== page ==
Funmilayo Ransome Kuti was a teacher, political campaigner, women’s rights activist and traditional aristocrat of Nigeria. She served with distinction as one of the most prominent leaders of her generation. She was known for her association with some of the most important anti-colonial educational movements in Nigeria and West Africa, and fought tirelessly to further women’s access to education and political representation.
She founded the Abeokuta Women’s Union, one of the most impressive women’s organisations of the twentieth century (with a membership estimated to have reached up to 20,000 women), which fought to protect and further the rights of women.
She was also the first woman in the country to drive a car.Ransome-Kuti’s political activism led to her being described as the doyen of female rights in Nigeria, as well as to her being regarded as “The Mother of Africa.” Early on, she was a very powerful force advocating for the Nigerian woman’s right to vote. She was described in 1947, by the West African Pilot as the “Lioness of Lisabi” for her leadership of the women of the Egba people on a campaign against their arbitrary taxation. That struggle led to the abdication of the high king Oba Ademola II in 1949.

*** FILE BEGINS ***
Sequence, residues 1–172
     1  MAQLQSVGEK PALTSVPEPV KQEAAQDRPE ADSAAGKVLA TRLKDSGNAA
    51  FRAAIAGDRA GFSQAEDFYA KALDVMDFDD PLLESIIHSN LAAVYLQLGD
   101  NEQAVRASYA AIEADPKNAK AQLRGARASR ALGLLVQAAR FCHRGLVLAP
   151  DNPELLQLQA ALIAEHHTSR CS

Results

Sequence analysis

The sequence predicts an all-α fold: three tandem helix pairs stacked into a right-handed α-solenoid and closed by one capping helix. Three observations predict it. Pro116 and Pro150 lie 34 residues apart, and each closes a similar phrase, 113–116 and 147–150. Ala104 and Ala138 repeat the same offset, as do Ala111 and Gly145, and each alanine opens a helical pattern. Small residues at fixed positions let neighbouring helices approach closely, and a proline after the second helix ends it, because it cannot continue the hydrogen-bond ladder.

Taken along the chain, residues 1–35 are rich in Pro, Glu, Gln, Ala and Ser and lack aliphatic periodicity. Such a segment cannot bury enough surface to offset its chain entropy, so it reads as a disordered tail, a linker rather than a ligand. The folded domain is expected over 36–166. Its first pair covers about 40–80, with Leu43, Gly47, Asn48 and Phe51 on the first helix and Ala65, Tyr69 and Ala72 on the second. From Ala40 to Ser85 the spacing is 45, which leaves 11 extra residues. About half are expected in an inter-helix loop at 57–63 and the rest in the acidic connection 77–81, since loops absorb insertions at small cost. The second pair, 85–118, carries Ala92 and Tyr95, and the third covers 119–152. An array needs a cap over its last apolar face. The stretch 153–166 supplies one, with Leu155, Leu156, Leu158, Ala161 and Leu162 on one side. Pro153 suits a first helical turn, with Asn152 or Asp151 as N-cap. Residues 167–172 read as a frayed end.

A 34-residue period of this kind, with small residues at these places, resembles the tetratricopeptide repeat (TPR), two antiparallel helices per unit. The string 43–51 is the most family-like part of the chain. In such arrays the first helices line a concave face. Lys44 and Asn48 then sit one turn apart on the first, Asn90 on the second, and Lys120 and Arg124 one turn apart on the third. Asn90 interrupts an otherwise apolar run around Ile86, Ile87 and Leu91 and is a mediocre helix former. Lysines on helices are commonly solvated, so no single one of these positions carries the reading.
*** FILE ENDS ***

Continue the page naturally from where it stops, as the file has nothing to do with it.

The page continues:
Her strength and dedication to equal rights is why we honour her still today.